Many Linux users, both veterans, and newbies, often get confused about what the difference between the Linux commands apt, and apt-get are and when they should use one or the other.
A Brief History of the Advanced Packaging Tool (APT)
Debian introduced the apt command in 2014. However, most users were not aware of the new command, opting for the more familiar and reliable apt-get. The apt command did not garner recognition or widespread use until the release of Ubuntu 16.04 in 2016.
Soon after that release, the prevalence of the apt command rather than the traditional apt-get command in Ubuntu 16.04 documentation, how-to articles, and websites prompted other Debian- and Ubuntu-based distros to follow suit and encourage their users to use the apt rather than apt-get command.
Before we get too in-depth with the differences between apt and apt-get, lets first discuss what APT is and why Debian developed it.
When the Debian distribution initially released, a set of tools was necessary to manage the package system. This prompted the development of the Advanced Packaging Tool (APT). APT is just the front-end to dpkg, Debian’s package management software. Please don’t confuse the apt command with APT. The two are not the same.
APT is an open-source command-line tool that works with the Linux core libraries to handle the installation, configuration, and removal of packages on Debian, Ubuntu, and other Debian/Ubuntu-related Linux distros.
When APT became available, apt-get was one of the main command-line tools included. Another oft-used command-line tool was apt-cache, and for successful installation or removal of a package, you had to use both in conjunction. This was often clunky, cumbersome, and sometimes confusing for the user. Plus, it was just downright ugly. Enter the apt command.
The apt Manpage originally stated that the command was meant to be “pleasant for end-users.” It has been since updated to read:
“It is intended as an end-user interface and enables some options better suited for interactive usage by default compared to more specialized APT tools like apt-get(8) and apt-cache(8).”
apt command replacements for apt-get commands
|apt Command||Command It Replaces||Function of Command|
|apt install||apt-get install||Install a package.|
|apt remove||apt-get remove||Remove package.|
|apt purge||apt-get purge||Remove package and configuration.|
|apt update||apt-get update||Refresh repository index.|
|apt upgrade||apt-get upgrade||Upgrade all upgradeable packages.|
|apt autoremove||apt-get autoremove||Remove unwanted packages.|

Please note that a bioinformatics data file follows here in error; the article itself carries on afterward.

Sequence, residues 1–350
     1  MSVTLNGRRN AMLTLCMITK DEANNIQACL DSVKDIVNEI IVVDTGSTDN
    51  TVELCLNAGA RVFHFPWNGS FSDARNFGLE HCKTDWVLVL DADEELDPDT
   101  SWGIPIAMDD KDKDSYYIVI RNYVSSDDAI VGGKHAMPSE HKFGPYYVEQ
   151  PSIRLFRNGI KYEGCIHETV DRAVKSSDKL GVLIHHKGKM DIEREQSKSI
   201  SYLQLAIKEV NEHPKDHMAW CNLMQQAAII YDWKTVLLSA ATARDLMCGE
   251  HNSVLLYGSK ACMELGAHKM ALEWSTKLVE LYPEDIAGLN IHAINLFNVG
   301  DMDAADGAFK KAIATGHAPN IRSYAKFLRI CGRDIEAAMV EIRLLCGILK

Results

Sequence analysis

|apt full-upgrade||apt-get dist-upgrade||Upgrade package & auto-handle dependencies.|
|apt search||apt-cache search||Search for a packages.|
|apt show||apt-cache show||Show package details.|
apt, in addition to the replacement commands above, also adds two new commands that the apt man page lists as “work-in-progress.” These two are:
- apt list – List packages with criteria (installed, all available, upgradeable)
- apt edit-sources – Edits the sources.list file in the preferred editor
apt vs. apt-get: know the differences
The best way to show the difference between the apt and the apt-get commands is to see in action. To do this, we will install Kazam, one of the best and easiest to use screen recorders for Linux using both commands.
Let’s try apt-get first.
# sudo apt-get install kazam
While the installation with apt-get is straightforward, and we see the package and the dependency packages being installed, we have no clue how long the installation will run.
Now let’s install Kazam with the apt command.
# sudo apt install kazam
With the apt command, not only do we see Kazam and all the dependent applications being installed, but we’re presented a nice progress bar at the bottom of the terminal window, letting us know the progress of is installation. Much better, isn’t it?
We could have achieved the same results with apt-get and some additional command options. But why bother, apt has them built-in.
So, what should you use, apt or apt-get? Unless there is a compelling reason not to, always opt for the apt command. It combines the most commonly used commands from apt-get and apt-cache with much less fuss.
The only logical reason to use the apt-get and related commands is if you are using them in a bash script. These commands are lower-level, considered “back-end,” and are most often used to support APT-based packages such as Synaptic, aptitude, and the Ubuntu Update Manager.
Dedicated users of the apt-get and apt-cache commands should not be discouraged, however. Debian has no plans to deprecate the apt-get or apt-cache commands, as both are vital in creating APT-based packages. And while it’s recommended that you use the apt, it’s not a requirement. apt-get will work just fine.
The apt command, conversely, is specially designed for use by the end-user. It’s friendlier, tidier, and fancier. This was clear in our example. Plus, that progress bar is pretty cool!
We encourage you to check out the various options of both commands via
# man apt-get
# man apt
Please let us know your experience with the commands, as well as your preferred command and why.